Hong Kong Flooey disrupts Taipei bike expo

On 17th March, BikeBiz.co.uk asked 'Is it safe to travel to the Taipei show'? It probably is, but 'probably' isn't much of a prophylactic. On 24th March, BikeBiz carried the first 'come to Taiwan, all is safe' message from the organisers of the Taipei cycle trade show. Now, US trade mag BicycleRetailer reports that many Americans are not going to risk the journey because of worries about SARS, and the Shimano stand will be staffed largely by Taiwanese employees. Even EBMA's Brian Montgomery - a habitué of cycle shows around the world - has cancelled. However, most Brits pro-booked for the show are still planning to go, and are now expecting to have the show to themselves!
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BRAIN reports that many US companies have allowed their staff to decide on whether to fly to Taiwan or not.

"Some companies have decided to send a full complement, others to reduce attendance, and some to cancel altogether."

Carine Joannou, president of G. Joannou, the Jamis maker, told BRAIN:

"We don't want to risk any of our people, and it's not like we don't go to Taiwan with frequency."

However, SARS hasn't spooked SRAM: the Taipei show will see 10 SRAMers from the US and two from SRAM's European office.

"We consulted with our folks at our facilities in Taiwan and made sure everything was okay," Michael Zellmann, SRAM's public relations and media manager said on http://www.bicycleretailer.com

Many execs from Specialized have cancelled:

"They're postponing the trip. They can have the conversations they need later, or by another method," said Sandi Saenz, Specialized's executive secretary.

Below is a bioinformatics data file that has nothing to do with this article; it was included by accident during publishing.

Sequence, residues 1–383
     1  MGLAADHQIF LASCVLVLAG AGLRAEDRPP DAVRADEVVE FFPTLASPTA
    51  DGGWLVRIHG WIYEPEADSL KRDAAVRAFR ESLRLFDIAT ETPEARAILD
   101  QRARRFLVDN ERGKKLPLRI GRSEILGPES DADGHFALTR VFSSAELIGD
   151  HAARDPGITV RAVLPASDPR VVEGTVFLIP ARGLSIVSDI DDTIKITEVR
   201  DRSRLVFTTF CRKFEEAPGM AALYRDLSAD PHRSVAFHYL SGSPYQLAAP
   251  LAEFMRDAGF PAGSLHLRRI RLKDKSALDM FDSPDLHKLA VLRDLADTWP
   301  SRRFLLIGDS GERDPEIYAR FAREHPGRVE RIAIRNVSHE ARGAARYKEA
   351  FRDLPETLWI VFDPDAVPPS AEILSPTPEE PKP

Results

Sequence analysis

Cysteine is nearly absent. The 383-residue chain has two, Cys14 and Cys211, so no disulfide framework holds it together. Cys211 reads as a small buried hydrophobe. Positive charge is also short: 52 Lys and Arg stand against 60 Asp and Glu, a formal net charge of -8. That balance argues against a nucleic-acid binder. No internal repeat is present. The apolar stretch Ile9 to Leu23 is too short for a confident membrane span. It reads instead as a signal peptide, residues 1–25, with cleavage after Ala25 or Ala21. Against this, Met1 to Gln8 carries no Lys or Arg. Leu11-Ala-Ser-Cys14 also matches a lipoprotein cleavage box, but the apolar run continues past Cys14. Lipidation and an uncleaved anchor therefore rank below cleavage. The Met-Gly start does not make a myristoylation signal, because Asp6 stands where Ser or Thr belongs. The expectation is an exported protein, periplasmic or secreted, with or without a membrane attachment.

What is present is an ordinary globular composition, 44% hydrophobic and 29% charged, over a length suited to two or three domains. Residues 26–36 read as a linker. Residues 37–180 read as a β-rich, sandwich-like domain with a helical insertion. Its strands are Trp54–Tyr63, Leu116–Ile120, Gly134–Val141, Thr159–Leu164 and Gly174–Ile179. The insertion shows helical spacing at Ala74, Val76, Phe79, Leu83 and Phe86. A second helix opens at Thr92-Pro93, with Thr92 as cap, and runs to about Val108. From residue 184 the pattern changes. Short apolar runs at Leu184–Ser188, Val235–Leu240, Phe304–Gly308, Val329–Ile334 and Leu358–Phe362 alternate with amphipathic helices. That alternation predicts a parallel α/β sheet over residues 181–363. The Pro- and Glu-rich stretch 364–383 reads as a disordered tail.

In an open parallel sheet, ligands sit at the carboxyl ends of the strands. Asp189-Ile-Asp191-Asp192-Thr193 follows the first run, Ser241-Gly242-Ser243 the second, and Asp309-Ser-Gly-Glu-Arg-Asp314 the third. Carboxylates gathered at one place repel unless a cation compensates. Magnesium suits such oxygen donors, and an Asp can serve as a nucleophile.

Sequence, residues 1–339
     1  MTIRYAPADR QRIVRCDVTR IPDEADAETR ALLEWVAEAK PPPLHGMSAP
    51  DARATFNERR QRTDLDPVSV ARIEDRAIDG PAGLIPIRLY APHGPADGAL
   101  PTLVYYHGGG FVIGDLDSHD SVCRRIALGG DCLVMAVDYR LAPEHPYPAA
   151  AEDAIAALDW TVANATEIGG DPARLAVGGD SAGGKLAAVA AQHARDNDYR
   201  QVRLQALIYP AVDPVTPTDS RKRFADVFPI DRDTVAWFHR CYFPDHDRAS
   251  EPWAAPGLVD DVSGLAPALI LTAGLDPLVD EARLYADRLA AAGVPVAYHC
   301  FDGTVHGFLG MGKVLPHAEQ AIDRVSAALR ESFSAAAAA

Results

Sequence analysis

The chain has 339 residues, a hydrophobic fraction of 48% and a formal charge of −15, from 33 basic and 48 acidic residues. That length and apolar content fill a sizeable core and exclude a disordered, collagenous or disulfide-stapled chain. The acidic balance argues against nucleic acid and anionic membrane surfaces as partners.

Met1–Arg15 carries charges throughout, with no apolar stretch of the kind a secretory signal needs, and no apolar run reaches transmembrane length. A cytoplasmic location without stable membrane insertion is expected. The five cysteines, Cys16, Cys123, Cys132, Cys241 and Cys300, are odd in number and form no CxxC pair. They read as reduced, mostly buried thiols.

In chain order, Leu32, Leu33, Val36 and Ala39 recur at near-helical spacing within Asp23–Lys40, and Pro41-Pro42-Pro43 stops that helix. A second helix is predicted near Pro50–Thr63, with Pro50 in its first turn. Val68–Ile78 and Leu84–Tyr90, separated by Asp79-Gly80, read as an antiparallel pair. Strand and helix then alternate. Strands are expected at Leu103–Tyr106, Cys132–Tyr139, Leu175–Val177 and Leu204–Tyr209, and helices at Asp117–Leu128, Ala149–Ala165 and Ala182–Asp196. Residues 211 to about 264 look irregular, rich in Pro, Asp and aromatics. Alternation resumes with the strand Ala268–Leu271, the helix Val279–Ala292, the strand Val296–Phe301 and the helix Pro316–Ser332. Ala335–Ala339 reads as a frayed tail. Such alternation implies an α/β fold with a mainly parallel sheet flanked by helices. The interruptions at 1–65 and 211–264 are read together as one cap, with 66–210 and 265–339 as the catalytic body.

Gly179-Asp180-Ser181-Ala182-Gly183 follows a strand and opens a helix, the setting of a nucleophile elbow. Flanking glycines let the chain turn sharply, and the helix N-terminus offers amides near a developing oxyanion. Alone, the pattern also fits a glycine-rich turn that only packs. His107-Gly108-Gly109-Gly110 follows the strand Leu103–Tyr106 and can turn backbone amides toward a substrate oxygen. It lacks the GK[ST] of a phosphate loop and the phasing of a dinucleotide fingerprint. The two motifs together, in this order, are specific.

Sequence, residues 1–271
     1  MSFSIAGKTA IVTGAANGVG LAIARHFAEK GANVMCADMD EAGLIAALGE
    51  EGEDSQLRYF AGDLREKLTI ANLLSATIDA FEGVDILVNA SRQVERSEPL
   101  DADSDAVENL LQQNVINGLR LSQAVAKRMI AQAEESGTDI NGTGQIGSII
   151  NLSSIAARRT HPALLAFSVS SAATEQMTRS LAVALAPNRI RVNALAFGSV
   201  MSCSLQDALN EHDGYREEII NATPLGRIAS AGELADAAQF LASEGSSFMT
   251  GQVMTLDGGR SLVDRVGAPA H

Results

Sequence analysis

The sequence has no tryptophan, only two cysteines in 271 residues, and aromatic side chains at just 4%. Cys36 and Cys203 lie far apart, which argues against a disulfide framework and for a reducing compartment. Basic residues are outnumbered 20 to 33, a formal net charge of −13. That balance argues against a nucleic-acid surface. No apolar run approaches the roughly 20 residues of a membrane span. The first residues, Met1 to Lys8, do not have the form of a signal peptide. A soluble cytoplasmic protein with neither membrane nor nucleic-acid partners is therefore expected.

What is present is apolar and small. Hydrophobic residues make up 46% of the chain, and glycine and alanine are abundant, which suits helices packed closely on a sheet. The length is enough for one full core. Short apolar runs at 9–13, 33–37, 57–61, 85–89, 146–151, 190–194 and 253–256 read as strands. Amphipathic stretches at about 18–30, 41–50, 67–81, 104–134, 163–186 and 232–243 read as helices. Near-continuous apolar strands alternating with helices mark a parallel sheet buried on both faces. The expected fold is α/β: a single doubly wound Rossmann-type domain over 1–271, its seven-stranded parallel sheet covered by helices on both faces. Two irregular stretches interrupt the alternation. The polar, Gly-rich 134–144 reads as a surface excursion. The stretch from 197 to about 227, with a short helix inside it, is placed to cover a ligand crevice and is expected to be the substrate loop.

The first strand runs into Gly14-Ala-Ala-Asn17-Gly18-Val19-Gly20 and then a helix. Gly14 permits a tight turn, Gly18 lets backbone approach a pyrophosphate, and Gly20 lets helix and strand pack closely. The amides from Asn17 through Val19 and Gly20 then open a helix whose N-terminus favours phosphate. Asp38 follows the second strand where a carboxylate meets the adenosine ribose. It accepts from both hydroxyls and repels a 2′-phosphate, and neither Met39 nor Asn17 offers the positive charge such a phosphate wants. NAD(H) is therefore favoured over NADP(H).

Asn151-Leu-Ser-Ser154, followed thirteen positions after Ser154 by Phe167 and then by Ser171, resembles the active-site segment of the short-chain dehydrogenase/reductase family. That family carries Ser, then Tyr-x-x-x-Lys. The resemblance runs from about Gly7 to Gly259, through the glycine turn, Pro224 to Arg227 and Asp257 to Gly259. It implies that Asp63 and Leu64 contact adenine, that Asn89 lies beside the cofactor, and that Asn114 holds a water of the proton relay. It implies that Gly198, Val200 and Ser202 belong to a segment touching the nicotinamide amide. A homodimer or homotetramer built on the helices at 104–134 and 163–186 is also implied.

Tom Armstrong, Cannondale's communications manager, said the show could be a ghost-town:

"It's not so much the epidemic, as much as we're concerned that nobody else is going. We're hearing reports that not only our competitors but a lot of our vendors are pulling out, and we're worried it might not be worth the time away from the office and the expense."

Last week, BikeBiz reported that execs at Cycleurope were probably not going to go to the show, and BRAIN now reports that Cycleurope's Brian Montgomery of the Paris-based European Bicycle Manufacturers' Association is among those not planning to attend:

"I've decided not to go, and the company as a group has decided in a mutual decision not to go. There's hardly any way of going to Taipei from Europe that doesn't include Hong Kong."

Magura Germany has decided to cancel its Taipei show booth after researching which of its OEM customers were planning on still going to the show. Many of its US and European customers have decided not to travel, although few of its British customers had any such qualms.

And with less overseas visitors to the Taipei show, Brits are expecting to clean up. Mike Poyzer of Super Cycles said: "I'm still going. For once, I'll be able to make all my appointments and I'm sure a lot of time will be made for those who decided to go despite all the health scares."

http://www.taipeitradeshows.com.tw/.../cycle



For the latest info on SARS go to the World Health Organisation's website:

http://www.who.int/.../en

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